The app-based testing uses artificial intelligence to read the results and help track the spread of the coronavirus.
Health officials say many people are not getting tested soon enough, and instead wait until they show symptoms. Officials warn that lack of testing could lead to an increase of COVID-19 cases.
If the pilot program is a success, local leaders say it could lead to widespread self-testing.
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"Testing at home, it can move testing out of hospitals and clinics, to workplaces, to classrooms and to our communities," says Dr. Neeraj Sood, the vice dean of research at USC and director of the COVID Initiative at the USC Schaeffer Center for Health Policy and Economics.
Firefighters are the first ones being tested before the tests are phased into city and county testing sites. They started testing last week and the first phase will be completed in the next two weeks.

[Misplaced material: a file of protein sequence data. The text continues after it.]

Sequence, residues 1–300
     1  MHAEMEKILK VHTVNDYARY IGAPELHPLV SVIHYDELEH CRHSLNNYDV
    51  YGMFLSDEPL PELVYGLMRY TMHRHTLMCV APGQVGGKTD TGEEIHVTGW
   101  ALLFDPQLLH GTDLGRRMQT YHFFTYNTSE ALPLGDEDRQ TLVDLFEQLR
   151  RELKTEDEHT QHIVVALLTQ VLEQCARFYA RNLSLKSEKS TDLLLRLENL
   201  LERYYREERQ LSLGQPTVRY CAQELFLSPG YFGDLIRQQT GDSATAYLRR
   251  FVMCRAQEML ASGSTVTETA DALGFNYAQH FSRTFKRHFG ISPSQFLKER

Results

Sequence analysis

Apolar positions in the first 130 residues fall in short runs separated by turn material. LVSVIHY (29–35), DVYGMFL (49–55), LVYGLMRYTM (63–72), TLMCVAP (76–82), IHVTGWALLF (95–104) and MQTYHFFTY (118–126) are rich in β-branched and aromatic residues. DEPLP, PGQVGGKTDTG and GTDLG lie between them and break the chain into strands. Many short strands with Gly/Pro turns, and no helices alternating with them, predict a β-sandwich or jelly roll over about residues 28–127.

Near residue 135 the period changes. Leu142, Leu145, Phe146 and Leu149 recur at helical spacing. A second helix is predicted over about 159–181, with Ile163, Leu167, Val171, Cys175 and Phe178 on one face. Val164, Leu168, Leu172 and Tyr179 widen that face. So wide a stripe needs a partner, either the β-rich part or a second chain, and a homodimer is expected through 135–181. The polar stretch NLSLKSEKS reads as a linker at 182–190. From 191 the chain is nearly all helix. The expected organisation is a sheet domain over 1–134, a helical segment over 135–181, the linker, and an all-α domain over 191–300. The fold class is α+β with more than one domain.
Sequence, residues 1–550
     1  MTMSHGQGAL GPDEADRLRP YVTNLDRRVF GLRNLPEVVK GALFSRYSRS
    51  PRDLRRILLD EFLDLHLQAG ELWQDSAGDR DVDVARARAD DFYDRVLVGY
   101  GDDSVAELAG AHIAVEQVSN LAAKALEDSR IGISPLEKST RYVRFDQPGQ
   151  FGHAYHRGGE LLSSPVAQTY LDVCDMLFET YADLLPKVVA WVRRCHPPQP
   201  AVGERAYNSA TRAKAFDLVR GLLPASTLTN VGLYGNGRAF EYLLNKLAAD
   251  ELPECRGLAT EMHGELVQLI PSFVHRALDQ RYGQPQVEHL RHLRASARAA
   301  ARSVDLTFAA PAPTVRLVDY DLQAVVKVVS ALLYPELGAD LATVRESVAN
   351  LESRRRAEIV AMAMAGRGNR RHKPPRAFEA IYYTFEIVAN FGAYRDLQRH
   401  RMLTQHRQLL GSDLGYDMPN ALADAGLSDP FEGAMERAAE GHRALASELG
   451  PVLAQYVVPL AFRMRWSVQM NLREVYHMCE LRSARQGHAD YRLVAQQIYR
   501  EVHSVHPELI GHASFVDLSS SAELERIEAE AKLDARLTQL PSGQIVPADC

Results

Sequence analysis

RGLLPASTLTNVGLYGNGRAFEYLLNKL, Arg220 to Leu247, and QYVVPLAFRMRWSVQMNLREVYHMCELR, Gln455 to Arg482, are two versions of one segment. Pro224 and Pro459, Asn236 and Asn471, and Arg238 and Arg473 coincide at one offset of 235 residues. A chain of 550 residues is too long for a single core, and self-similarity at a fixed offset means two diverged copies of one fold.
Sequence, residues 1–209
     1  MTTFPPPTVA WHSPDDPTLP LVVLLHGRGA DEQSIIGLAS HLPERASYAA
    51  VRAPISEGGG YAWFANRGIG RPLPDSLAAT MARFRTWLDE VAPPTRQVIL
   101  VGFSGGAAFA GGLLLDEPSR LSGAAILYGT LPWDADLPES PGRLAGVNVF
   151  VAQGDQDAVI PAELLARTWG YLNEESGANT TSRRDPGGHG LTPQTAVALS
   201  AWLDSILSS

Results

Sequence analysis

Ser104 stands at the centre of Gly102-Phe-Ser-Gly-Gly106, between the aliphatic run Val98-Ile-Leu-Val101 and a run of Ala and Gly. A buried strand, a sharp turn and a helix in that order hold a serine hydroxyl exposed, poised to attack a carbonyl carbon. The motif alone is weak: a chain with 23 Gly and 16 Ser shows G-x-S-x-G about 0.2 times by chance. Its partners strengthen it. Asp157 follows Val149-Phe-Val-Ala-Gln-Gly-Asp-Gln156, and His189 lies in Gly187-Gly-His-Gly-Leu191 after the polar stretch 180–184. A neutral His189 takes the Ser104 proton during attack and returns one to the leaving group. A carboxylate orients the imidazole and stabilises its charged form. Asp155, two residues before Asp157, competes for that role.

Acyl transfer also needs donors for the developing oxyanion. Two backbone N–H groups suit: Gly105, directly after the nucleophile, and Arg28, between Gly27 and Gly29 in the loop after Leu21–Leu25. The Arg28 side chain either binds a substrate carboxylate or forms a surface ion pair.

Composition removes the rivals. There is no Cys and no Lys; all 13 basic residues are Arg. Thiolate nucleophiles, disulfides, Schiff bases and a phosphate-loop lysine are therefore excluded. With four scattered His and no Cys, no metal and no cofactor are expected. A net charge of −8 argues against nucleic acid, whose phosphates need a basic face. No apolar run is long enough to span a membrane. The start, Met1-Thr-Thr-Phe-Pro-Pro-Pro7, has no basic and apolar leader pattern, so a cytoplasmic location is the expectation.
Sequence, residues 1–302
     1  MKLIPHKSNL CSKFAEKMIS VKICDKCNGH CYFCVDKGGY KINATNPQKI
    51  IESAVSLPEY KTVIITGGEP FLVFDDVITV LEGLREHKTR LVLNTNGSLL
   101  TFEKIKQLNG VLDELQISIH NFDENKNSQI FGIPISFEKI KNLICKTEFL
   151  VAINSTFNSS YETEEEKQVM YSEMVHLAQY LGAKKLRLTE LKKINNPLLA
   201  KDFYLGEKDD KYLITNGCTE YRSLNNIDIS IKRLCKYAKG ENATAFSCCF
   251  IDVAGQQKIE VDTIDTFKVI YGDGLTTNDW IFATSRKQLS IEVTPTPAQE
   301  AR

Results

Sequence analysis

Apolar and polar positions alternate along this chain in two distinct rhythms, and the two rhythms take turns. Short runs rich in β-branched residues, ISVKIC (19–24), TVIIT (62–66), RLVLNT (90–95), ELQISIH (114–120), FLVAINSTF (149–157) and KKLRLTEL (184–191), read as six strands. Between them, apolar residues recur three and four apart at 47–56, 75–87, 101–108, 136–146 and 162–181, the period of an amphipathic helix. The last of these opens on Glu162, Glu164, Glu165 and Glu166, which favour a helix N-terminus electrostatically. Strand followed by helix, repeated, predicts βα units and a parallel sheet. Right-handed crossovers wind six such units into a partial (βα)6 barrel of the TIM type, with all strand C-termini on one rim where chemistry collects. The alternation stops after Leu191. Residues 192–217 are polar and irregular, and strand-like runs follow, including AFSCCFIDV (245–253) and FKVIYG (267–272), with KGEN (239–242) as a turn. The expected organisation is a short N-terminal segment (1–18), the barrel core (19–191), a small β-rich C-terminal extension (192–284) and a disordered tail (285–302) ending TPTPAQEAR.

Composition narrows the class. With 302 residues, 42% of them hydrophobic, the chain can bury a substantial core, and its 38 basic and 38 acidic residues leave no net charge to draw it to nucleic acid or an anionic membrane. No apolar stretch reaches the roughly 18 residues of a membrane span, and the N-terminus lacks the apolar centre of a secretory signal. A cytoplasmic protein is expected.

Mayor Eric Garcetti says the city will need millions of tests to understand their effectiveness. He also says the testing could be widely available as early as next year.
Meanwhile, Gov. Gavin Newsom unveiled a 16-member drafting guidelines work group to figure out who would be first in line for a future vaccine.
"How do we allocate the supplies, how do we not only do so safely, with the scientific review committee, but do so with a sense of urgency and prioritization for the most vulnerable," Newsom said.
Newsom also reported a slight uptick in the state's positivity rate.